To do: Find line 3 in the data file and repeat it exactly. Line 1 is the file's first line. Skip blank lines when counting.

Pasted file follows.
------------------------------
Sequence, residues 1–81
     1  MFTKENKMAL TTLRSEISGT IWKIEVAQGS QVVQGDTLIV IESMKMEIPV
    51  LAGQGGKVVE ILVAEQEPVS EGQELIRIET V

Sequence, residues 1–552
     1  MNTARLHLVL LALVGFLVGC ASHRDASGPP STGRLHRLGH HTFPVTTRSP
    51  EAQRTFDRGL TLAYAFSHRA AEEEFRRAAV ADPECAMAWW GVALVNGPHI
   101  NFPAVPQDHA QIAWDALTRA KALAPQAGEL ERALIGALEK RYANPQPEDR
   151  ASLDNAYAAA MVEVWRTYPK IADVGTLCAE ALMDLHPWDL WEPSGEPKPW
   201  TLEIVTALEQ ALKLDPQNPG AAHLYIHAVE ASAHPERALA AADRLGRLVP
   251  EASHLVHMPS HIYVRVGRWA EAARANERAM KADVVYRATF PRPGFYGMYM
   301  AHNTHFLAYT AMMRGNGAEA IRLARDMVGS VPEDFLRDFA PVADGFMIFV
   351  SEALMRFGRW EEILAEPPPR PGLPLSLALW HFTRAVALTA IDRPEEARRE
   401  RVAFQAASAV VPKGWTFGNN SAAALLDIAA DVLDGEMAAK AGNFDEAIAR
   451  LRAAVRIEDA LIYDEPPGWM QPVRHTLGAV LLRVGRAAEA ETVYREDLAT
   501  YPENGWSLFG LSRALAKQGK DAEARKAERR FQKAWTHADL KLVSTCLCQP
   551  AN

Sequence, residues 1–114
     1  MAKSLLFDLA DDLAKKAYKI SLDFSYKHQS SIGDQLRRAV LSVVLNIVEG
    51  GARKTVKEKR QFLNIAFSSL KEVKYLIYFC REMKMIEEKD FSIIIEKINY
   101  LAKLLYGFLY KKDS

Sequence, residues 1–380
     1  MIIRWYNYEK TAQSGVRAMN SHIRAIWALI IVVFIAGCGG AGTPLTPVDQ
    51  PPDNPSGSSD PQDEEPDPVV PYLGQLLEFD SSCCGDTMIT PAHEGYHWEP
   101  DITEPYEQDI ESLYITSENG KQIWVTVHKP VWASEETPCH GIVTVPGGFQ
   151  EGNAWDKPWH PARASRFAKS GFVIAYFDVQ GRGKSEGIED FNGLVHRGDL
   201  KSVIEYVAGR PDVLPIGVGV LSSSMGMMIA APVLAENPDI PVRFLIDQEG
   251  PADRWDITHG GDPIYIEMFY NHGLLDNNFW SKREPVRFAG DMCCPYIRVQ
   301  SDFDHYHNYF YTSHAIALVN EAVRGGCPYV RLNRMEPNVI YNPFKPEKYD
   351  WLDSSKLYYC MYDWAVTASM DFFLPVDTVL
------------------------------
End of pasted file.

    51  LAGQGGKVVE ILVAEQEPVS EGQELIRIET V